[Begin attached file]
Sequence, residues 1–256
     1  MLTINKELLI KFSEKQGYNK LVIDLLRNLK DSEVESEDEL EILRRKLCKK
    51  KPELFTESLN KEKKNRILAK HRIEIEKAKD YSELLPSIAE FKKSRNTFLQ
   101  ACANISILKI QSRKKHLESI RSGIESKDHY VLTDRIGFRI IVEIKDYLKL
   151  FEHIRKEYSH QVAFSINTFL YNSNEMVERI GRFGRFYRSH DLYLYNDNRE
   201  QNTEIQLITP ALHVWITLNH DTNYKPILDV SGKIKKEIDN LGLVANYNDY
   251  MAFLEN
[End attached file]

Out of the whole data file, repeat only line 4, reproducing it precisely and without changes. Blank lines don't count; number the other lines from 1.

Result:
   101  ACANISILKI QSRKKHLESI RSGIESKDHY VLTDRIGFRI IVEIKDYLKL